My old biology teacher once told me a story about a friend of his in order to help me remember just what the effectn of Antidiuretic hormone are. At the time, both were at university. His friend had drunk away most of his money, and so signed up for some experiments at the local medical school (This was London - there are several of the things about). In this instance, they were investigating the degree to which water retention was increased when ADH was administered in distinctly non-physiological concentrations.

So, they injected him with a large quantity of ADH and then gave him several litres of water to drink. After a few hours, he still hadn't urinated. Apparantly deeming the experiment a success, the researchers (probably a jumped-up bunch of medical students who enjoyed inflicting pain on others - it seems pretty standard practice (1)) gave him his money and kicked him out.

The scene now shifts to an Underground station. Those of you who have visited London will probably be aware that public toilets were not a priority when the Underground was built. It is approximately midnight. The ADH decides to take the opportunity to drop back within the realms of normal levels. Our hero was suddenly left with several litres of excess water in his bloodstream and kidneys that were working overtime to remove it. Faced with a five minute wait until the next train and having no chance of making it back above ground, he ran to the end of the platform and relieved himself at quite some length. By some miracle he managed to avoid being electrocuted, but as he gasped in relief, he was tapped on the shoulder by a member of the Transport Police and spent the night in a cell with a toilet in the corner.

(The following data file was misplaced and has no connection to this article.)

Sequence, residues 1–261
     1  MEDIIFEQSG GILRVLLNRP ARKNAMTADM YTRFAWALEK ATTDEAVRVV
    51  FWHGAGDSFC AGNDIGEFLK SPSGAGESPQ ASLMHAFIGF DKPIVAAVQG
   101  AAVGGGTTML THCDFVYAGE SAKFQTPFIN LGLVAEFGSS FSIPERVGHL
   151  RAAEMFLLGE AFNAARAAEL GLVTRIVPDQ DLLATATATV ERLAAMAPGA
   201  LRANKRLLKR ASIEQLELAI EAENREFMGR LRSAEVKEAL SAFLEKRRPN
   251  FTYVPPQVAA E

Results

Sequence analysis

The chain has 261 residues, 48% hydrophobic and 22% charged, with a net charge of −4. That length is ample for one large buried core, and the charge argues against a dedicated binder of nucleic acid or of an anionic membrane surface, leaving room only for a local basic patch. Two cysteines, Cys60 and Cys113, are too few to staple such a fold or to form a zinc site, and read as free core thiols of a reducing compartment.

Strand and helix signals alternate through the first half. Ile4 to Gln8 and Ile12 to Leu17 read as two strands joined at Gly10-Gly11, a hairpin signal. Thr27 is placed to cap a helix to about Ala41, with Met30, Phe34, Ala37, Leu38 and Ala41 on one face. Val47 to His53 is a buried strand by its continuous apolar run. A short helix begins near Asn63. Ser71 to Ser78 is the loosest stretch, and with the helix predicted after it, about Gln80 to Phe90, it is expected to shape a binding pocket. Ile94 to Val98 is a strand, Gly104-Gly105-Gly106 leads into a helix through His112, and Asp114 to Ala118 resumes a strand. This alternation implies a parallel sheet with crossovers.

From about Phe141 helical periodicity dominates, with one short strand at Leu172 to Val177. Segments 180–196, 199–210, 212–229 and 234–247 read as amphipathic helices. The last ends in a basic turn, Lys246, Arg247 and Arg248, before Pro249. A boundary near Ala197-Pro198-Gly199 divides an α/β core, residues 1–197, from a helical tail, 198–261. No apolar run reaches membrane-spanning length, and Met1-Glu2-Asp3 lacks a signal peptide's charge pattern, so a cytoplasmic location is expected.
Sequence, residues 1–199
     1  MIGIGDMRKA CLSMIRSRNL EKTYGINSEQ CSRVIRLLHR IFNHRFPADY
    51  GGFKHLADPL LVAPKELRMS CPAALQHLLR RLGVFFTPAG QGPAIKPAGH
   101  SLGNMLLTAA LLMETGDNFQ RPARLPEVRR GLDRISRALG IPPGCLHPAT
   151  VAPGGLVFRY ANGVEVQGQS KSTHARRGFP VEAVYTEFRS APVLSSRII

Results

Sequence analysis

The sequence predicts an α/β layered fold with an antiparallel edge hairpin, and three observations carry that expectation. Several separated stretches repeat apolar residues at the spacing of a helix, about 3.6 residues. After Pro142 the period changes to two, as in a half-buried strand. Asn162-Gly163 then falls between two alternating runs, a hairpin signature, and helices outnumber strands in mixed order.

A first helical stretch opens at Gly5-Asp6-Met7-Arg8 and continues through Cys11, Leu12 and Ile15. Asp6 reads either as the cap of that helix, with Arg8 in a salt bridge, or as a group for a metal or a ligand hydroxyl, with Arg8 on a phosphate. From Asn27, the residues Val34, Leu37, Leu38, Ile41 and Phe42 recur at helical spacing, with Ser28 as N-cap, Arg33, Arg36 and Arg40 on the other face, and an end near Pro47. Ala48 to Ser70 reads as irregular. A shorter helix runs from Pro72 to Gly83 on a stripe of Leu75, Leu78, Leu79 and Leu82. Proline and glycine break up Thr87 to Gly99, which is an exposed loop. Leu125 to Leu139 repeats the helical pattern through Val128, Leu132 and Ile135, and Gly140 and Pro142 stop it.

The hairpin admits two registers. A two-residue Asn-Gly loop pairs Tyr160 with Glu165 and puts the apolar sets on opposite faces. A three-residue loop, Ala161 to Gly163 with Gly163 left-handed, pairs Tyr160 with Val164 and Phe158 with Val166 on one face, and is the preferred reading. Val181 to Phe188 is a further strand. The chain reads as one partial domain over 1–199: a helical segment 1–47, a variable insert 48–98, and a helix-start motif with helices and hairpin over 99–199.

And that's how I manage to remember that antidiuretic hormone causes increased water retention.

(1) Yes, I have been a medical student. Can't you tell?